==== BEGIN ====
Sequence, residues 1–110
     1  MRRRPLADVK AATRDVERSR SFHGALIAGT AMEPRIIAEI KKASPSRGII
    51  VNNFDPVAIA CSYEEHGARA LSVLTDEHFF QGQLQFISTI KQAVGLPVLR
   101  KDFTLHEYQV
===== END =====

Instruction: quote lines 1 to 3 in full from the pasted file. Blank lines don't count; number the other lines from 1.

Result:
Sequence, residues 1–110
     1  MRRRPLADVK AATRDVERSR SFHGALIAGT AMEPRIIAEI KKASPSRGII
    51  VNNFDPVAIA CSYEEHGARA LSVLTDEHFF QGQLQFISTI KQAVGLPVLR